The main contributing risk factors that were written into medical law for heart disease, for example, were height, weight, age, high blood pressure, cholesterol, smoking, and so on. The truth is that over 50 per cent of incidences regarding heart disease cannot be explained by these physical risk factors. Doctors have been puzzled because people are dying of heart disease every day even though they exhibit none of the risk factors. The real reason they develop the disease is mostly because of mismanaged emotions such as depression, anxiety, anger, hostility and skepticism brought on by circumstances in one's life. It is what happens to you emotionally as a result of certain events and situations that really make the difference between life and death, success and failure, happiness and misery. Mismanaged emotion will not necessarily kill you, but what they do to your biology can. This is the distinction that is missing in modern medicine.

 

Many people do not feel satisfied with themselves and go through life in quiet desperation. One of the main feelings people live with is that they are 'not good enough'. What these thoughts do to your physiology is what destroys your health and well-being.

 

Failing to get the promotion does not make you unhealthy. What is doing the most damage is the self-punishment, depression, anxiety, humiliation, socially isolated, worthlessness you feel. All these traumatic feelings remain with you and eat away at your mind. This stress further suppresses the immune system and the stress hormone cortisol surges even more, leaving your body wide open to diseases such as heart disease and cancer. It is important to comprehend how you feel about what you are doing as that has the major effect on health and happiness than what you are actually doing.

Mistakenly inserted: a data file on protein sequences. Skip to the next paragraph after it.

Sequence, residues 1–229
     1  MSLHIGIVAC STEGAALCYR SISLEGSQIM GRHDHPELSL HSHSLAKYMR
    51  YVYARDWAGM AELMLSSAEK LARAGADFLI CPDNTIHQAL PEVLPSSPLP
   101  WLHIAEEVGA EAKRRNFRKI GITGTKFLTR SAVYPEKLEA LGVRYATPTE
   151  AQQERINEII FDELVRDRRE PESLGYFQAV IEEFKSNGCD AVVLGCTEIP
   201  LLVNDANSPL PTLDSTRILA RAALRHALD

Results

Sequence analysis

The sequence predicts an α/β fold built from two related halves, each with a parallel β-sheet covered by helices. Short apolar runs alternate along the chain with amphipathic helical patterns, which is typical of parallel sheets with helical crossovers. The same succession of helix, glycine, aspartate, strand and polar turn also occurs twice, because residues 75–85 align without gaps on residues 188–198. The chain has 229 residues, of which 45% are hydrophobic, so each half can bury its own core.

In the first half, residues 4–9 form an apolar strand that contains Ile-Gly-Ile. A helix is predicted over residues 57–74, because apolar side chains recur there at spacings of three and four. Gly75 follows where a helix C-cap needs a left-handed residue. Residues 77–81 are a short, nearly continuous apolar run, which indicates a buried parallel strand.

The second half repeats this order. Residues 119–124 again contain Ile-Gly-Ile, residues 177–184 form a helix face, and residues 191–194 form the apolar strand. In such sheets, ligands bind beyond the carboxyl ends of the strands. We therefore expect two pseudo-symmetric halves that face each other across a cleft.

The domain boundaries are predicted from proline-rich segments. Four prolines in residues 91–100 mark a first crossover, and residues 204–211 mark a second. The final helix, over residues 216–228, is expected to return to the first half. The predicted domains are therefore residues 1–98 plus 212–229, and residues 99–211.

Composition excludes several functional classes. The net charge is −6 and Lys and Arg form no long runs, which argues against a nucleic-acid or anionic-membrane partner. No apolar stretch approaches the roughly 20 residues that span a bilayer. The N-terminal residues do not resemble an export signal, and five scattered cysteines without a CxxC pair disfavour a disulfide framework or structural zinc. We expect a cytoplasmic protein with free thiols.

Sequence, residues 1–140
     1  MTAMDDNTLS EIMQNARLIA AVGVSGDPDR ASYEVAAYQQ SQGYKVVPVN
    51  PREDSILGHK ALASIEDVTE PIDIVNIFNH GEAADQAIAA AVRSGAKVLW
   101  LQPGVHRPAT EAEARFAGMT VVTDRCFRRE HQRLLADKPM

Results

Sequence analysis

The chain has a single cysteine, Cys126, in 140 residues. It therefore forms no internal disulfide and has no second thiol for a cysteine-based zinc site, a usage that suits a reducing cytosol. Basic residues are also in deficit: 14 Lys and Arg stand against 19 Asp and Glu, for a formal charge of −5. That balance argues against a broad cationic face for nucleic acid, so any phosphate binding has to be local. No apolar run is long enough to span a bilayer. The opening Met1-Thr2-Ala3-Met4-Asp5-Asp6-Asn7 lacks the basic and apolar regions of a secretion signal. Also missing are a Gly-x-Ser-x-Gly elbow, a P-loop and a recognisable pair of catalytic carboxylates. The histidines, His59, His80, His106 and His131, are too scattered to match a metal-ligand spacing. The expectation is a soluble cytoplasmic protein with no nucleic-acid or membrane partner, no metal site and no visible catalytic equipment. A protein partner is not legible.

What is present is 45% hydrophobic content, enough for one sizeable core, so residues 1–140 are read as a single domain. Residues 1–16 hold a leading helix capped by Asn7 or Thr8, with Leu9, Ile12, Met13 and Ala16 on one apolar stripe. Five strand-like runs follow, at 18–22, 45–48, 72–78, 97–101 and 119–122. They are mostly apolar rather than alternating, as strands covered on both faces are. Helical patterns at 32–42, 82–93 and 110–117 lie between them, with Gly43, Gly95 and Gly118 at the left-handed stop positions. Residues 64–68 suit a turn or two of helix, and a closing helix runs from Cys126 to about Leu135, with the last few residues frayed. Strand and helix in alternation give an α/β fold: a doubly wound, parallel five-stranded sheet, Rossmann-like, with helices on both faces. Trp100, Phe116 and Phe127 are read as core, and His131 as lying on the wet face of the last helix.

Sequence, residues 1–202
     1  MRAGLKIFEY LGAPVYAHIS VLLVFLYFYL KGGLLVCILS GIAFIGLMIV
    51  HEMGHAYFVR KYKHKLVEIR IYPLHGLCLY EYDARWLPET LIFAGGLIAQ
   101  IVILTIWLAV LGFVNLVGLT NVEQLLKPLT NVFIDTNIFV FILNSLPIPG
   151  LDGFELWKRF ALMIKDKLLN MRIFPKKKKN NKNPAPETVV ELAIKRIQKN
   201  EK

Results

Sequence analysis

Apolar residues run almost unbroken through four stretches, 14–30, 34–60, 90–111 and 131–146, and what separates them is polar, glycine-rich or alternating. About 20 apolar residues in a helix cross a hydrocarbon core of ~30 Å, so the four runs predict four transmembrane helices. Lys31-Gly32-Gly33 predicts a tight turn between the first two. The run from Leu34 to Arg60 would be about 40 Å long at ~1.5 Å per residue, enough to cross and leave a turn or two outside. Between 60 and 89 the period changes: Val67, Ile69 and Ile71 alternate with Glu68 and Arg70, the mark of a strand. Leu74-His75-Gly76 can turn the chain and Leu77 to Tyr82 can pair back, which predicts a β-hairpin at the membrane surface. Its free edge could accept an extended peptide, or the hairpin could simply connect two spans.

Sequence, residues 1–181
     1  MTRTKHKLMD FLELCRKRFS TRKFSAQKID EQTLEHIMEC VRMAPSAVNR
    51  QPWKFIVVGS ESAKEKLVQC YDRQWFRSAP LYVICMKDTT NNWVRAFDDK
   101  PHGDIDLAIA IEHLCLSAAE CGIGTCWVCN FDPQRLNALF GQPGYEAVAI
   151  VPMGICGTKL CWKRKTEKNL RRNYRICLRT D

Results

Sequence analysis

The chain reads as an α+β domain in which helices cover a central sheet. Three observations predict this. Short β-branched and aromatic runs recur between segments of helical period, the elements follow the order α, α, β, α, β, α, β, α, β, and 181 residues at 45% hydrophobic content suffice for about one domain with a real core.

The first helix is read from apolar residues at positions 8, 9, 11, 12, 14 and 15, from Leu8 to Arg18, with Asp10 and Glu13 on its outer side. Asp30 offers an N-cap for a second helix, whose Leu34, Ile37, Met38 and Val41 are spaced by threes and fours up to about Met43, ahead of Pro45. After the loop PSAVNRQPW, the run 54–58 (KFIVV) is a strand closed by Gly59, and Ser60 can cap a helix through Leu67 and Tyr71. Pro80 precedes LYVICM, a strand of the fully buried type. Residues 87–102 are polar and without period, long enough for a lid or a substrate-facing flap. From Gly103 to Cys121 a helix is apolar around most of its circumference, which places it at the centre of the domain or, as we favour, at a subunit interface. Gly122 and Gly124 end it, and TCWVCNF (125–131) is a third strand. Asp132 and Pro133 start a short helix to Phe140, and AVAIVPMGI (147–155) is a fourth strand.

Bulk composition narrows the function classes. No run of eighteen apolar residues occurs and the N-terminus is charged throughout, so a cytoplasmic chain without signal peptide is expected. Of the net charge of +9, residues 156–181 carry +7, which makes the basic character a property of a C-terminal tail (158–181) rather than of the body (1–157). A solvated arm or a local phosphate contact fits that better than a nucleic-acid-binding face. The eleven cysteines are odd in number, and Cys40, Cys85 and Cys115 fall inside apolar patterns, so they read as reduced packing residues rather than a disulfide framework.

Up until the 1940's, the major killer of both men and women was infectious disease. This is when antibiotics hit the market and diseases of the infectious kind were wiped out practically overnight. This started the 'silver bullet’ approach in the medical world. Health professionals thought if they could discover a pill that could cure all infectious diseases, then they could surely find a silver bullet for the other big killers like heart disease and cancer. Most health researchers turned their attention to find those wonders for heart disease since it advanced from the number two killer to the number one killer. This is currently still the same position heart disease maintains today.

 

 

Depression

 

Depression is on the rise and according to a recent global study, if current trends continue, depression will be the second biggest disease by the year 2020 and the first by 2030. According to the World Federation for Mental Health, in 2012 it was estimated that 350 million people were affected by depression.